Meditation & Mindfulness Practice

Tips for Concentration:
· Generosity and Morality helps concentration.
· Before each start, mind should posses at least certain good qualities like wisdom, patience, inquisitiveness, joy, etc.

· Notice the conditioning process (cause and effect): how each thought is affecting the breath and the body. Do this for distracting thoughts as well as for  the wholesome thoughts that we use to replace unwholesome ones.
· (3) Magical tools for concentration:
1.     Mindful =====leads to=====> directed thought
2.     Alert      =====leads to=====> evaluation
3.     Ardent: (i) sensitivity to breath (ii) back to breath without disappointment

· Don't control the breath.
· Don't force yourself "not to control" the breath. Instead, observe the "pain of controlling". This way, through understanding, you will let go of the control on its own.

· Picking ourselves after a fall is very important 

· Clear & Stable concentration =====leads to=====> Insight

Tips for Mindfulness:
· Whenever you remember to be mindful;
(i) congratulate yourself (instead of feeling guilty of not remembering all this while).
(ii) immediately get tuned into a broader focus.
(iii) maintain it until concentration is stable.
(iv) tune into a subtler object.
· When eating: Observe the impulse to eat specific foods and the impulse to eat fast.
· When bathing: Observe the impulse to change the temperature of water even when its ok.
· When thinking: Observe the impulse to tag objects with "Like" and "Dislike".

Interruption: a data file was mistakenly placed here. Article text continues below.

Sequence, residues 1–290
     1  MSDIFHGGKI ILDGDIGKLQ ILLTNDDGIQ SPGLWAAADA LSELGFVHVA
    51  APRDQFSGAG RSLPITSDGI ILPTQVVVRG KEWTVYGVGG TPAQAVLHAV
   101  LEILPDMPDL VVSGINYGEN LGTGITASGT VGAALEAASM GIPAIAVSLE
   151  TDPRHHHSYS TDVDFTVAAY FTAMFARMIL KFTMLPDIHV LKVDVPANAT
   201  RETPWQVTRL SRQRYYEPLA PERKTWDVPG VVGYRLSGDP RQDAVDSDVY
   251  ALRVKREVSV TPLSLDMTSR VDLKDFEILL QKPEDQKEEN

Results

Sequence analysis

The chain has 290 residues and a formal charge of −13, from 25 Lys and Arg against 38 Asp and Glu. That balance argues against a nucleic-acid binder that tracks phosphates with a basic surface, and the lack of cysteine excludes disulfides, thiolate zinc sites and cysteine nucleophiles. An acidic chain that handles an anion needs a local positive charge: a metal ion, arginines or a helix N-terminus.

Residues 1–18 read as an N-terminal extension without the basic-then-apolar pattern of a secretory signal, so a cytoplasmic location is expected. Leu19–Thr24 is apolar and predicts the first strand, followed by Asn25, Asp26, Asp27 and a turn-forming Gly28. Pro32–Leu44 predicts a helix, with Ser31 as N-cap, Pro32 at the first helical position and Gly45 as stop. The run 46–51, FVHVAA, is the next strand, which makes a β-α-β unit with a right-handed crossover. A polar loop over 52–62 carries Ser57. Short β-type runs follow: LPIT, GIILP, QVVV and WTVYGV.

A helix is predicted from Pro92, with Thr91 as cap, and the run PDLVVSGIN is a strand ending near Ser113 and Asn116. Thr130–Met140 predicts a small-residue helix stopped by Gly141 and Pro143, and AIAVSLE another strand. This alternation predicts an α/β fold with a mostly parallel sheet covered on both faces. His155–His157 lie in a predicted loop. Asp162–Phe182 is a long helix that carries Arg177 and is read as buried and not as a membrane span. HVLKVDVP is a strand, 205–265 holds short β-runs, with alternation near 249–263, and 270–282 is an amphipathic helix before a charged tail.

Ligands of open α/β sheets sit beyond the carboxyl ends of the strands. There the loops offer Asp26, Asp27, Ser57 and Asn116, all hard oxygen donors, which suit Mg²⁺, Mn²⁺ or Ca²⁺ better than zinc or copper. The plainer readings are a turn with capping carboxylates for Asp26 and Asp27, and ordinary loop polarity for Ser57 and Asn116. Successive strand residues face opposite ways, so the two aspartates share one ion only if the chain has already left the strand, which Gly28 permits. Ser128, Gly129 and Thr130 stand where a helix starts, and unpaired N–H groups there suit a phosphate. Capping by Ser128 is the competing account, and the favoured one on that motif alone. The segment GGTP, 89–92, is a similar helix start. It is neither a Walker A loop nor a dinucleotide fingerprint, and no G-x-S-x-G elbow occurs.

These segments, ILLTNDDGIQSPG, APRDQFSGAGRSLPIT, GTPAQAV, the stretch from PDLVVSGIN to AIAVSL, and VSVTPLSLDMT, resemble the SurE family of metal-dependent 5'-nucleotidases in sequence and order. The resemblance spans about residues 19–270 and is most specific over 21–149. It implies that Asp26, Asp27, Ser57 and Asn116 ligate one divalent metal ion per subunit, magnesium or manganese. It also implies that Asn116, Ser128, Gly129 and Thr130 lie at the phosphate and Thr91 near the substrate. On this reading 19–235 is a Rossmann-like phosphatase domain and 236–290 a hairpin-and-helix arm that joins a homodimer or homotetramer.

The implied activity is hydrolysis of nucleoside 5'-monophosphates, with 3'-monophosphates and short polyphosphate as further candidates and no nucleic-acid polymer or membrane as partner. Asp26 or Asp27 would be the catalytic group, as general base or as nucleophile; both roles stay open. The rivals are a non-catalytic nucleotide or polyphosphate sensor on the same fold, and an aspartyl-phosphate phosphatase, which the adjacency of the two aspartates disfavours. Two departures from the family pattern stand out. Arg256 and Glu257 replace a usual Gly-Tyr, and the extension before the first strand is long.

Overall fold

Tips for Practice:
· 'Not Sure' - cut the tendency to be certain/sure. Real security/freedom comes from having to live with uncertainty. Don't trust your feelings, perceptions, thoughts.
· "The most efficacious way of dealing with attachment is to recognize it whenever it is present. This applies most particularly to attachment to the idea of selfhood, which is the very basis of life" - Buddhadasa Bhikku
· Whatever we keep pursuing with our thinking & pondering, that becomes the inclination of our awareness. - Thanissaro Bhikku
· If you look at your dhamma practice like should and shouldn't, it will be hard for you to continue practice. Instead, see what is beneficial and not and look at your own experience.
· Don't give a damn to too many things in life. Give a damn to what is most essential. (When we are sick, we give a damn to the most important to save our limited energy available; similarly don't waste your energy on trivial matters).
· If you are lacking in energy to motivate yourself for a big task, then use the amount of energy you have to motivate yourself for a smaller piece of task that would give momentum to that big task.